LAWRENCE, Kan. -- The world's top concert pianists usually emerge when they are small children -- grade-school age -- already demonstrating the ability that will get them recognized world-wide. That's a big reason why this week's FOX 4 Young Achiever is so extraordinary. Sarah Rasmussen, 17, from Platte City, Mo., is a year away from college -- and just showed the music world how exceptionally talented she is.
Her long, slender fingers race across the keys. It's the way Rasmussen loves to play the piano -- fast! But whether it's fast or slow, powerful or quiet, Sarah is very, very good -- technically, musically and with great passion.
"I think the thing that really strikes people about Sarah is the sincerity of the playing," says Steven Spooner, Sarah's private instructor. "She's not thinking about what other people are thinking about her. She's just pouring her heart. In her best moments, she's able to pour her heart out into the piano. I think that's the compelling thing about her playing. Also, what makes her really distinctive as a pianist is that she has her own sound, what I would describe as a very ethical and delicate sound. It kind of matches her as a person, actually. She plays how she is."
Sarah's been an excellent musician since she was a little girl, but in recent months she's taken great leaps forward.
"It's unbelievable," Sarah says with a laugh. "I don't know how much further I can go at that rate but it's definitely really, really fast."
Sarah says with Spooner's help she's been able to overcome some performance anxiety. And she found strong motivation.
"Because I could still become a great pianist in the world," says Sarah. "And I might as well do the work now than later because if I wait any longer, I definitely won't be able to."
Everything changed for Sarah early last year when she and her parents got Spooner, a University of Kansas professor and noted international concert pianist himself, to take Sarah on as a student. They wanted Spooner to help Sarah improve so she could get into a top music performance college and, perhaps, realize her dream of becoming a concert pianist. At first, Spooner says, he discouraged them because of what he calls Sarah's 'advanced age'.
"You know, pianists really start getting good about age eight," says Spooner. "So we're talking, we had this conversation when she's 16." But Sarah convinced Spooner and took on an exhausting practice schedule -- three to four hours a day -- every day -- as opposed to the one hour a day she had been practicing. And she dedicated herself to pushing and challenging herself -- technically and musically.
"I have to say, she then comprehensively and definitively proved me wrong," says Spooner. How far has she come in that short period of time?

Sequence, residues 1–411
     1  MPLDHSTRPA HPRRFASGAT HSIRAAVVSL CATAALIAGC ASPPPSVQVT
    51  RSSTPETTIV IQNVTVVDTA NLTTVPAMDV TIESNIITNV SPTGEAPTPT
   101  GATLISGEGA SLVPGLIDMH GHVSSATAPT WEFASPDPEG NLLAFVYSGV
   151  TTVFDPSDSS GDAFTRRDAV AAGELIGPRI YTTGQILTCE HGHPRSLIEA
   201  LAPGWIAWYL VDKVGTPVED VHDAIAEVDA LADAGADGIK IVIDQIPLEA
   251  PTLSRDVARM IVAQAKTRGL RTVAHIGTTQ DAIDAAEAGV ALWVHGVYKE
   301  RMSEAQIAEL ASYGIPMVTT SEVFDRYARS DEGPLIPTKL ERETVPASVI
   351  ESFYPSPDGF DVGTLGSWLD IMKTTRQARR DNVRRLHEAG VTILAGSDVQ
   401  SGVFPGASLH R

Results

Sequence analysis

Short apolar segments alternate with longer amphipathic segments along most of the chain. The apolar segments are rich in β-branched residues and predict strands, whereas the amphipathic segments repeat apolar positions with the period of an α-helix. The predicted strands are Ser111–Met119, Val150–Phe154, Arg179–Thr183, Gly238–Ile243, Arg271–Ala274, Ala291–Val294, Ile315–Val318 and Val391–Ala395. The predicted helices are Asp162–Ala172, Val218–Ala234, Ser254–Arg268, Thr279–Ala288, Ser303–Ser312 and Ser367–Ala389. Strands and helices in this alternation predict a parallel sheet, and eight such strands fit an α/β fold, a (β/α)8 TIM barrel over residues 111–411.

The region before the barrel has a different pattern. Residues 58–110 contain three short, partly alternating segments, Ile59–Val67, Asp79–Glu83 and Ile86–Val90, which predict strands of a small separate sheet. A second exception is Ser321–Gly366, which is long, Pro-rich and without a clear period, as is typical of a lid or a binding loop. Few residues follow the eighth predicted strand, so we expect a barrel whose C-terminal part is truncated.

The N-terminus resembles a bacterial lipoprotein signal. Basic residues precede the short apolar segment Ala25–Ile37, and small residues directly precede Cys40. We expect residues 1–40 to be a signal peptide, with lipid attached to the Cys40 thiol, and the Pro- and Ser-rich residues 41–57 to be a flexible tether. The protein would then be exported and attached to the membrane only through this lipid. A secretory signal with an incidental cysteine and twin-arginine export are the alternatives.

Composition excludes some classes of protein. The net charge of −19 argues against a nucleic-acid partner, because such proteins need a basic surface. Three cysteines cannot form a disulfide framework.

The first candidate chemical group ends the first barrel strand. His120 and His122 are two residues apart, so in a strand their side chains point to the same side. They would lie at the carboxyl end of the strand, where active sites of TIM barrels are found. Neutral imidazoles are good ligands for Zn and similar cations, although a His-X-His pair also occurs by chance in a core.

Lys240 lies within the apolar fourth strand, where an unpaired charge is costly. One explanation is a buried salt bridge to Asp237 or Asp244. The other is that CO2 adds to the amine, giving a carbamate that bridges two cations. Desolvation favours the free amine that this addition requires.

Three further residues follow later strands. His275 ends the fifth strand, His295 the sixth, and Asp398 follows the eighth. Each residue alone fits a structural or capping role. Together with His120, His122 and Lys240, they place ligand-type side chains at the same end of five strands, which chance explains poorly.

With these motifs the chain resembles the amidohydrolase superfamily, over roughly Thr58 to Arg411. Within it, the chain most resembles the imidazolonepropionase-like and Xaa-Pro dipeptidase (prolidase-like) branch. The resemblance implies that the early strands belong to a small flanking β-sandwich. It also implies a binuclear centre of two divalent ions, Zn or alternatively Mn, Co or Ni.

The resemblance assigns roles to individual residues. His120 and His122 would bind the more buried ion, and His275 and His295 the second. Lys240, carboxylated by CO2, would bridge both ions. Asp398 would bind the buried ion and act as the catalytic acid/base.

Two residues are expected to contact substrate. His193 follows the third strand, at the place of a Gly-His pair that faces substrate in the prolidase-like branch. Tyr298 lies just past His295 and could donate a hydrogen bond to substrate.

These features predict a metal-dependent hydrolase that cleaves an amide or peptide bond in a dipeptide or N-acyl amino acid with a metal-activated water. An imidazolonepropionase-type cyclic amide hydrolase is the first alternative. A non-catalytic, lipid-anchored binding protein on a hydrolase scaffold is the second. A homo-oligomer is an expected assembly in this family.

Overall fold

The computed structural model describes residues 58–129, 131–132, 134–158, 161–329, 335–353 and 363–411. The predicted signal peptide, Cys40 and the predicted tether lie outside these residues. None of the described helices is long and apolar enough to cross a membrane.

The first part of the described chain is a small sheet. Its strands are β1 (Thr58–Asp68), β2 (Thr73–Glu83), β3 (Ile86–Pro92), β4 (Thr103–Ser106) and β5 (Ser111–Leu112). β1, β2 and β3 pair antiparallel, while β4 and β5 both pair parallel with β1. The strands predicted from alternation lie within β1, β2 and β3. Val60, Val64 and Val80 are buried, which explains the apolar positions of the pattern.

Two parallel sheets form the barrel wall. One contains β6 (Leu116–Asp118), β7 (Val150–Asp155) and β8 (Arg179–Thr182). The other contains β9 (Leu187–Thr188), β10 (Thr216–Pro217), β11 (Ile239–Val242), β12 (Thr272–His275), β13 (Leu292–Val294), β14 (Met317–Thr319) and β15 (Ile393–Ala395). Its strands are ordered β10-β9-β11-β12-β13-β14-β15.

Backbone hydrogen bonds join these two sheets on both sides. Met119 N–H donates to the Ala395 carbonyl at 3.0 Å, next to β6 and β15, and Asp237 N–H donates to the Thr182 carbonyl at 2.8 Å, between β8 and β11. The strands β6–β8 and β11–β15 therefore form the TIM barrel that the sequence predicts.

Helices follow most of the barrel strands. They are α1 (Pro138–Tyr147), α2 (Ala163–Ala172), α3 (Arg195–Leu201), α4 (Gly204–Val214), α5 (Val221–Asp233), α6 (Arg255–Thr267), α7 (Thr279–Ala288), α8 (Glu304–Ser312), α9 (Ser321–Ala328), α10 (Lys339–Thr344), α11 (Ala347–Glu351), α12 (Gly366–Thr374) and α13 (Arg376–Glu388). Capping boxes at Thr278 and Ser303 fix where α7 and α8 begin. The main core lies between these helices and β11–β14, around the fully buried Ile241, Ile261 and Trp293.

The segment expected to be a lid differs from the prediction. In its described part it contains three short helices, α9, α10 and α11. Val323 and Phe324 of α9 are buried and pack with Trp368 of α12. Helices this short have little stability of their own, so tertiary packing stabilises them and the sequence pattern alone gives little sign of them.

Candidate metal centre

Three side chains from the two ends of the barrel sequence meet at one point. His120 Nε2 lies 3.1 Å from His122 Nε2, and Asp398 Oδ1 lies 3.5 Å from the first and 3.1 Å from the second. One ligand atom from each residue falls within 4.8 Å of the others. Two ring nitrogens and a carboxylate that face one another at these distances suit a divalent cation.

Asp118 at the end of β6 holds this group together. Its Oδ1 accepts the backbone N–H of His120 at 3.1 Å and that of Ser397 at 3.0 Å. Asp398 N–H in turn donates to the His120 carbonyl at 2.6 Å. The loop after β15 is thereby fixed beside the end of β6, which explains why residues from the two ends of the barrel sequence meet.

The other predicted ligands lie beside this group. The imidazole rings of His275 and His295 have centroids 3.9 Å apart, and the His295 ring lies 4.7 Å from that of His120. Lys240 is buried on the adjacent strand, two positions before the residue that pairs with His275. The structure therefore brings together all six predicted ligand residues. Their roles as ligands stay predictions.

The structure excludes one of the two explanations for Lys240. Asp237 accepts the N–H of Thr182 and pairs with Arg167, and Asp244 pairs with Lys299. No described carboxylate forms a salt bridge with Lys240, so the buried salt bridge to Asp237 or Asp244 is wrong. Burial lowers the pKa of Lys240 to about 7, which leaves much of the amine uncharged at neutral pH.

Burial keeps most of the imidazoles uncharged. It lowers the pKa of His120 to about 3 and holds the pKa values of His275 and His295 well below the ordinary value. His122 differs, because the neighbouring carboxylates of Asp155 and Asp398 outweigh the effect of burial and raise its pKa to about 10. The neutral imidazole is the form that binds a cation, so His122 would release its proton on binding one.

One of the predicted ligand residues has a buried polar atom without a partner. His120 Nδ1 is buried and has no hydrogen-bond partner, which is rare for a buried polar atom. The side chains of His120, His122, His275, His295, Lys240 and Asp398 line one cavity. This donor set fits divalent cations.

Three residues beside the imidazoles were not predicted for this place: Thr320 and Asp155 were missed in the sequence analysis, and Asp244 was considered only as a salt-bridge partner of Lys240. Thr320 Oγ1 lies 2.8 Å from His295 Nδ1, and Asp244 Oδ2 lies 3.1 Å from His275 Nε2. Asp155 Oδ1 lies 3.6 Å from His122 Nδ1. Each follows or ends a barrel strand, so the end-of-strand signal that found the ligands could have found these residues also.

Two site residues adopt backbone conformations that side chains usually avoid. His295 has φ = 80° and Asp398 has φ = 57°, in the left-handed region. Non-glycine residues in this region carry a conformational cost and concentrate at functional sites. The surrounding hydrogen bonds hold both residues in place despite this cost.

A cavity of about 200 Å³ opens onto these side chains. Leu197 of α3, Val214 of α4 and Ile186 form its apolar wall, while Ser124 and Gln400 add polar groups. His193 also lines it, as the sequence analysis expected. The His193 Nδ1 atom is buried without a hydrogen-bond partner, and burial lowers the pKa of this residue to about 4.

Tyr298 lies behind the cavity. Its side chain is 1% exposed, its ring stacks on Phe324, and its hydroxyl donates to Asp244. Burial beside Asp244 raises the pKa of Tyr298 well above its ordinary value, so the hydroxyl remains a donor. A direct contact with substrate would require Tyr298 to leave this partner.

"She basically went from being off the radar in the state to being on the radar in the world," Spooner says. "So, it's an incredible accomplishment for her."
This has been a phenomenal breakout year for Sarah, especially the past couple of months. She soared in top tier international competition and at a major music festival in Europe.
"I just played my heart out," says Sarah. "It was like, you've got to risk it all. Nothing to lose, you know."
That's how Sarah performed in this summer's International Institute for Young Musicians International Competition in Lawrence where she seemingly came out of nowhere to finish second, the only girl and only pianist from the Midwest to make the finals. And then she traveled to Italy last month for performances and lessons with the masters at Music Fest Perugia, her international debut.
"I would love to tour the world and play solo recitals, solo concerts and play with an orchestra," says Sarah. "That would be like my absolute dream. And once you see your dream coming true, it's like, I'm just going to go for it."
Sarah will start applying soon to some of America's great music colleges like the Peabody Institute, the Cleveland Institute and Julliard. And she'll do auditions after the first of the year
Meantime, you can see Sarah's practices with Steve Spooner live and watch as Spooner works with other students and as he and his musical family play piano themselves. With cameras and microphones set up all over his Lawrence home, Spooner and his wife, Jung, have created a web-based reality-type program called A Life of Music.
FOX 4 News is Working 4 You to spotlight outstanding young people and their positive accomplishments. In our weekly report called Reaching 4 Excellence we meet young achievers in subjects like academics, the arts, leadership, community service, volunteerism, career exploration, overcoming obstacles and heroism. Watch for Reaching 4 Excellence every Wednesday on FOX 4 News at 9 p.m. and every Thursday on FOX 4 News at 8 a.m. and noon.